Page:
“I’ve been thinking about going vegetarian,” Hassan told her, his arm draped around her waist.
“Well just don’t get skinny,” Katrina answered, and then they kissed right in front of Colin, who still couldn’t get his head around any of this.
“All right, boys,” Mr. Lyford said, smacking Colin on the back rather too hard. “Ready for yer first hunt?”
Colin nodded with some reluctance, waved good-bye to Lindsey and the others, and headed out with Hassan, whose orange vest was not quite big enough to fit comfortably around his chest. They set off down the hill, not following a trail, just bushwacking. “We begin by looking for rootings ,” Mr. Lyford explained. “Places where a hog has been turning up the soil with his long snout. ” He talked to them like they were nine years old, and Colin was wondering if Mr. Lyford thought they were younger than they actually were when Mr. Lyford turned back to them with a can of chewing tobacco and offered them each a pinch. Colin and Hassan both politely declined.
Over the next hour, they hardly spoke, because “the feral hog may shy away from the human voice,” Mr. Lyford said, as if the feral hog did not shy away from other voices, such as those of Martians. Instead they walked slowly through the woods, their eyes scanning the ground in search of rootings, their guns pointed down into the dirt, with one hand on the stock and the other sweating against the barrel. And then, finally, Hassan saw something.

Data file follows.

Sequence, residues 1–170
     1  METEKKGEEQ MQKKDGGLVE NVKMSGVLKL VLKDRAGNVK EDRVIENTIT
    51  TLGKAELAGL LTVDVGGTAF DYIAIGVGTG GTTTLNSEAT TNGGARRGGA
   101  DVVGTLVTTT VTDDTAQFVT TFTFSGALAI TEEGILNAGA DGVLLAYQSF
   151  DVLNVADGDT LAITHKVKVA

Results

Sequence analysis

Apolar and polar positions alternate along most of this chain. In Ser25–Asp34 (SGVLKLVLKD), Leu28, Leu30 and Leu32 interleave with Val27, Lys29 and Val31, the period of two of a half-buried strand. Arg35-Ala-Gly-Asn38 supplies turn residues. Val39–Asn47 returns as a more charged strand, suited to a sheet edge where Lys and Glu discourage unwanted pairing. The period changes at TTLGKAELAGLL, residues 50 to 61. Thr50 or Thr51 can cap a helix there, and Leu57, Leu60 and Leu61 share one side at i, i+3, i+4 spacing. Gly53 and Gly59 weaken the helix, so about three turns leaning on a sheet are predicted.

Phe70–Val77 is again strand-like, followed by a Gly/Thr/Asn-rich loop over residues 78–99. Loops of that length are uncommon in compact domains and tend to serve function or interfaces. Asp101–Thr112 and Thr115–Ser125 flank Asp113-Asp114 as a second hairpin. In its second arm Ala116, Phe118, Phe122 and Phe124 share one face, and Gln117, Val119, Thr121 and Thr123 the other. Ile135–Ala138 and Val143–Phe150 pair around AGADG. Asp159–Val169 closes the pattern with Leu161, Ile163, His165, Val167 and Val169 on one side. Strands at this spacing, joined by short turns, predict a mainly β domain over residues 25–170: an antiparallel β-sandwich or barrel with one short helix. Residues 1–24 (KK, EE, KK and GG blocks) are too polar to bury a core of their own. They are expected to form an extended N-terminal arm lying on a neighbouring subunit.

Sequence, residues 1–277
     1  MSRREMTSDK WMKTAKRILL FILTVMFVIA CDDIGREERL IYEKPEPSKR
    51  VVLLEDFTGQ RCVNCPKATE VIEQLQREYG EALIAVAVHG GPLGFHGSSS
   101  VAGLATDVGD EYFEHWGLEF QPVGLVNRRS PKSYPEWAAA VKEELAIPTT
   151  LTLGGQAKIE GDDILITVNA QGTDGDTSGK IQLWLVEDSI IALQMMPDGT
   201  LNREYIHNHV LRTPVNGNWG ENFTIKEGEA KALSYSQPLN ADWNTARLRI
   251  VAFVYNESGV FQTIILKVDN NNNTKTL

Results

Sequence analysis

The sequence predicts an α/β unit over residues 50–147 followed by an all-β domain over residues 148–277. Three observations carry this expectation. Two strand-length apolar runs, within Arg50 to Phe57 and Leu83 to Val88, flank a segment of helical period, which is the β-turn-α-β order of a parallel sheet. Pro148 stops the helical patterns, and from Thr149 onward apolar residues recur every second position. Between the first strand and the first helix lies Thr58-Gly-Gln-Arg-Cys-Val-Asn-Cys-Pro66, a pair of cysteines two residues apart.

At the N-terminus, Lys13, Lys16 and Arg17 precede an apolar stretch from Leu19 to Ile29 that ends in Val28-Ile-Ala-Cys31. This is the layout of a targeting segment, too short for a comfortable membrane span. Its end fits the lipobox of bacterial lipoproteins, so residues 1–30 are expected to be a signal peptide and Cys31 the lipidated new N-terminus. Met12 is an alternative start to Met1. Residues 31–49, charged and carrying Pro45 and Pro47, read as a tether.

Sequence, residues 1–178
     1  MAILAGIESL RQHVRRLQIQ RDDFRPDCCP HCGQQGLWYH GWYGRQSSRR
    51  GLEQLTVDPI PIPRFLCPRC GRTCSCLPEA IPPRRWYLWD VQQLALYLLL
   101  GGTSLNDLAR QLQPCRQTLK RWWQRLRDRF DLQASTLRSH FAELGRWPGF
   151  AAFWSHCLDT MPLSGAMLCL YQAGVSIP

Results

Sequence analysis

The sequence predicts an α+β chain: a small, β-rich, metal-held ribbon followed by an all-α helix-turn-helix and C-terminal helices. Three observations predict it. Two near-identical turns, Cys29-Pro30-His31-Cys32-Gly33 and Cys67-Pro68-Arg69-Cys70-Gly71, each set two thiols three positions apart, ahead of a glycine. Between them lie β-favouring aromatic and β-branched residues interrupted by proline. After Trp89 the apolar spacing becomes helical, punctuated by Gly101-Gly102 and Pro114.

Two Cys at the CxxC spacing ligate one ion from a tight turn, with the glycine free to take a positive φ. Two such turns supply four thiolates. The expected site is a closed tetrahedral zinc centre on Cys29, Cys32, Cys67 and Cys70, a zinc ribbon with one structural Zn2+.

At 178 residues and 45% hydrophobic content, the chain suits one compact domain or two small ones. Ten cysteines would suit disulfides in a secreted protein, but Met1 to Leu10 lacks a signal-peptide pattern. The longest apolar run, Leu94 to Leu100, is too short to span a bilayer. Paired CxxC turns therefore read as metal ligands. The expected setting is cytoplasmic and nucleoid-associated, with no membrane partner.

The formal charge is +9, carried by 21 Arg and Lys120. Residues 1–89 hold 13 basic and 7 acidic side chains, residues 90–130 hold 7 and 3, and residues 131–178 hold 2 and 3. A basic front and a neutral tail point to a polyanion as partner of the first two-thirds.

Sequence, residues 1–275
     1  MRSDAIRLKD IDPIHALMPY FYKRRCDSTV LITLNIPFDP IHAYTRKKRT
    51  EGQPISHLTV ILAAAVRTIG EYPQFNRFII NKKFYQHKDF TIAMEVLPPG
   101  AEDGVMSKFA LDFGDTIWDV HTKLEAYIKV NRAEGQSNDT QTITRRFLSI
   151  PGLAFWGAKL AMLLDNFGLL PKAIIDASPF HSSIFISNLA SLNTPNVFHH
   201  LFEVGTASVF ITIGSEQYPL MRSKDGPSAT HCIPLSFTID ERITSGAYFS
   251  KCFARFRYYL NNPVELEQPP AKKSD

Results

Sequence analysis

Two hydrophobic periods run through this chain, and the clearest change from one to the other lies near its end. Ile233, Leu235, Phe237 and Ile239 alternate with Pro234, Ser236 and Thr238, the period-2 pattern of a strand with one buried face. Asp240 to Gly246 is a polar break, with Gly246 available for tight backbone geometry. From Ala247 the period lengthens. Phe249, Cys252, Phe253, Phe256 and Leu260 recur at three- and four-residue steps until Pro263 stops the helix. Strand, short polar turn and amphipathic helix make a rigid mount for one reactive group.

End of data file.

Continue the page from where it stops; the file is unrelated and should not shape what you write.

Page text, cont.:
“Uh, Mr. Lyford,” Hassan whispered. He pointed to a patch of dirt that had been dug out haphazardly. Mr. Lyford knelt down and inspected it closely. He sniffed at the air. He dug his fingers into the dirt. “This,” Mr. Lyford whispered, “is a rooting. And you, HASS-in, have found a fresh one. Yes, a hog has been here recently. Now, we track it. ”
Mr. Lyford doubled the pace then, and Hassan struggled to keep up. Mr. Lyford found another rooting, and then another, and he felt sure he had the trail, so he took off in a kind of race-walk, his arms pumping so that the gun wiggled in the air like he was in color guard. After about five minutes of that, Hassan hussled up to Colin and said, “Please God, no more run-walking,” and Colin said, “Seriously,” and then they both together said, “Mr. Lyford?”
He turned around and walked several paces back to the boys. “What is it, boys? We’re on the trail here. We’ve got a hog almost in sight, I can feel it. ”
“Can we slow down?” Hassan asked. “Or take a break? Or take a break and then slow down?”
Mr. Lyford sighed. “Boys, if you are not serious about hunting the feral pig, then I can just leave you here. We’re on the trail of a hog,” he whispered urgently. “This is no time for lollygaggin’ or dillydallyin’. ”
“Well,” suggested Colin, “maybe you should just leave us behind then. We can sort of protect your flank, in case the feral pig doubles back around. ”
Mr. Lyford looked extremely disappointed. He pursed his lips and shook his head sadly, as if he pitied the poor souls who were unwilling to push their bodies to the limit in search of the feral pig. “Very well, boys. I’ll come back and get ya. And when I do, it’ll be to get your help carryin’ out a gorgeous hog. ” He started to walk off and then stopped and pulled out his can of chewing tobacco. “Here,” he whispered, handing it to Colin. “I fear the hog will smell the wintergreen. ”
“Uh, thanks,” said Colin, and Mr. Lyford ran off into the distance, weaving through the forest in search of more, fresher rootings.
“Well,” Hassan said, squatting down to sit on a rotting fallen tree. “That was fun. Jesus, I didn’t think hunting involved so much walking. We should have gotten the sweet gig Lindsey has, sitting in a tree and making out and waiting for a pig to walk by. ”